A UK-based startup raising funds on Kickstarter for a finger ring that lets users unlock NFC-enabled doors and devices and share information via NFC has amassed pledges totalling almost double its £30,000 (US$46,000) target in just four days.
The metal NFC Ring contains two tags. The first is designed to enable users to share information and is embedded in the top half of the ring. A closed "fist bump" action is then used to share data. The lower half of the ring includes a second tag that stores private information, such as the unlock password for an NFC device. This uses an "open palm" gesture for interactions. An app for writing actions to the tags has also been developed.
The NFC inlays each contain an NTAG203 chip which is coated in RFID reflective material and a clear RFID passive coating. These work together to ensure the metal of the ring does not absorb the RFID signal from an antenna.
Creator John McLear and his team have worked on the ring for over a year. The Kickstarter project launched on 20 July and still has 26 days to run but has already exceeded its target by more than £29,000 (US$44,500) thanks to 2,100 backers. Standard rings cost £22 (US$34) while larger Alpha rings are £25 (US$38). A do-it-yourself 3D printing option is also available for £8 (US$12).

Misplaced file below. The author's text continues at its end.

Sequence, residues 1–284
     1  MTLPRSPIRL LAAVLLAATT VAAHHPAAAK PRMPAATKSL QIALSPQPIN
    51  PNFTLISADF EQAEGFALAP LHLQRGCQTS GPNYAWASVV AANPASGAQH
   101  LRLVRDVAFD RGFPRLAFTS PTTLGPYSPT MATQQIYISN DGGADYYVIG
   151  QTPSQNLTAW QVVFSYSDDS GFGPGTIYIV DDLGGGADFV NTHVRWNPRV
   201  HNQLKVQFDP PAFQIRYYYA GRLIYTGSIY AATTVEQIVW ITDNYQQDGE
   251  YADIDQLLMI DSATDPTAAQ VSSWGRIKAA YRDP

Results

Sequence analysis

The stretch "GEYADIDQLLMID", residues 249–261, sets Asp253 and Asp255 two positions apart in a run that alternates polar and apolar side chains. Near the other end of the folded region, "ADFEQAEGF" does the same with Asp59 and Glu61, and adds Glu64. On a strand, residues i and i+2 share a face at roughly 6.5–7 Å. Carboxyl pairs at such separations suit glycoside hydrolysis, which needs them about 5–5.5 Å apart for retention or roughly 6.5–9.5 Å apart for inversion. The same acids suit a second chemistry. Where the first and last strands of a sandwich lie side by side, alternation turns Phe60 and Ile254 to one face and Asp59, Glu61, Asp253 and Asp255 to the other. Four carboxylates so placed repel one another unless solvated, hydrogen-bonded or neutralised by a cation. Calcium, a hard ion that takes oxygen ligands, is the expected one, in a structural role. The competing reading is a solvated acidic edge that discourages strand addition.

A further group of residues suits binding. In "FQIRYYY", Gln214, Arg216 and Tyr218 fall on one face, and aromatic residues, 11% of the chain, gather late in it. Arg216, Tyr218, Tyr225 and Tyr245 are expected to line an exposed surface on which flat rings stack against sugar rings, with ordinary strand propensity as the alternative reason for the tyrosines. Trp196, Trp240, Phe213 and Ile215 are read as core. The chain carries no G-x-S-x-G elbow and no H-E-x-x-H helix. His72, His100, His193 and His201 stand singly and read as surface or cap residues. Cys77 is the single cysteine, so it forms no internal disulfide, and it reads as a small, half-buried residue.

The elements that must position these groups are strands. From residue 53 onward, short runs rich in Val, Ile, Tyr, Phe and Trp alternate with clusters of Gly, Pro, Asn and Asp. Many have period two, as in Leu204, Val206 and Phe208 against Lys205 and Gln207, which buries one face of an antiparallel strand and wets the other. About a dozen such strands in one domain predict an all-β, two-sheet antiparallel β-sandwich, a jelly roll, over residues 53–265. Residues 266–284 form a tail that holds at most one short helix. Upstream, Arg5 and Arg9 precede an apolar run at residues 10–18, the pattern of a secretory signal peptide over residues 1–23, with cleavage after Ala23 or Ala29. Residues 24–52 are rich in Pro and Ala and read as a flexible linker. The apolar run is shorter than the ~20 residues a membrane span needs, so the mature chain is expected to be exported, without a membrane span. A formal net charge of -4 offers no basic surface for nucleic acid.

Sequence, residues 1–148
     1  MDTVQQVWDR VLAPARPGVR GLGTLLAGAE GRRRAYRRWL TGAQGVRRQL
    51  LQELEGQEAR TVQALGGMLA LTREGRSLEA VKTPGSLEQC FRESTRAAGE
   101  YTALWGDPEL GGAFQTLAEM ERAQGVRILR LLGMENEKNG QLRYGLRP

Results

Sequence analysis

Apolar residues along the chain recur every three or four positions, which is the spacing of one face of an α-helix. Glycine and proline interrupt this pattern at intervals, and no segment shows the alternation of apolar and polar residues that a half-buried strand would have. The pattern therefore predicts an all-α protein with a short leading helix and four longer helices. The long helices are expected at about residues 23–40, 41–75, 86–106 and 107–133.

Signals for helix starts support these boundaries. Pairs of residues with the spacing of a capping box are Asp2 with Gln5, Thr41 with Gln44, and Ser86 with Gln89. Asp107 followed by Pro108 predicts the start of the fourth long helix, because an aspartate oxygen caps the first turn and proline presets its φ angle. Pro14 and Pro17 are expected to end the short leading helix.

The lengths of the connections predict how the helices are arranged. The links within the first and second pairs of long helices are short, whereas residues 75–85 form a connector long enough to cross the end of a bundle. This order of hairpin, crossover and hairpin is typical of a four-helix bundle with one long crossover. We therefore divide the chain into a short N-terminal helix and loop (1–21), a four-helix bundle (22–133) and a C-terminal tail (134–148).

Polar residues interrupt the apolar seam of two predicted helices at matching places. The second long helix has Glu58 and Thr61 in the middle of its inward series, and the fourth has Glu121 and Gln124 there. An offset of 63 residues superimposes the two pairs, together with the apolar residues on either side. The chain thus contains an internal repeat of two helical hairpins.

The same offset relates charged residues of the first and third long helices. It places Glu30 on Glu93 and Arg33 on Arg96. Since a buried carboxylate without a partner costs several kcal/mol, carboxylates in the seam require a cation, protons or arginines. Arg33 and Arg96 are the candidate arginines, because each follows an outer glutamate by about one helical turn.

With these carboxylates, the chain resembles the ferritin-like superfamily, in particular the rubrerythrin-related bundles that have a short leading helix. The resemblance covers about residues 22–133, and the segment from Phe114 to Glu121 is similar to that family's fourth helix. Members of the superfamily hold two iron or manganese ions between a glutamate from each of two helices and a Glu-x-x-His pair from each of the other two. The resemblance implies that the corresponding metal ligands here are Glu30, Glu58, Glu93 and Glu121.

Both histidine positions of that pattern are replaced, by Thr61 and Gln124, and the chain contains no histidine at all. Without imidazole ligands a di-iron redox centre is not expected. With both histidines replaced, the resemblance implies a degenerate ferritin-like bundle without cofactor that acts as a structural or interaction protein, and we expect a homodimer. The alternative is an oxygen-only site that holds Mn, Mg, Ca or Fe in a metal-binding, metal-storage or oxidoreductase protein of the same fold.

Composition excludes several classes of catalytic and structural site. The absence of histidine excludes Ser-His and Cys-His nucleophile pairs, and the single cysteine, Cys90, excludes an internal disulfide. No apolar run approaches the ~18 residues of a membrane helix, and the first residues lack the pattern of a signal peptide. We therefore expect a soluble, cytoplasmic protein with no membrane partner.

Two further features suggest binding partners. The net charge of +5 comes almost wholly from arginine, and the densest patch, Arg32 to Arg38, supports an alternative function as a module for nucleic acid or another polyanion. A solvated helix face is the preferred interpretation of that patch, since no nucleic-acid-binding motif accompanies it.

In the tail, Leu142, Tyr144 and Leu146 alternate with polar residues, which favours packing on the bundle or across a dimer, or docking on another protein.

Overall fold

Samsung Galaxy S4 and Blackberry Z10 users will require this larger ring due to the position of the antenna on those handsets, McLear says.
The NFC Ring has a number of advantages over other recent NFC accessory announcements, such as the Geak ring, McLear told NFC World. "Plastic rings aren't the best material to work with as they tend to be quite big and ergo can be uncomfy, we moved away from large rings a long time ago due to this," he said.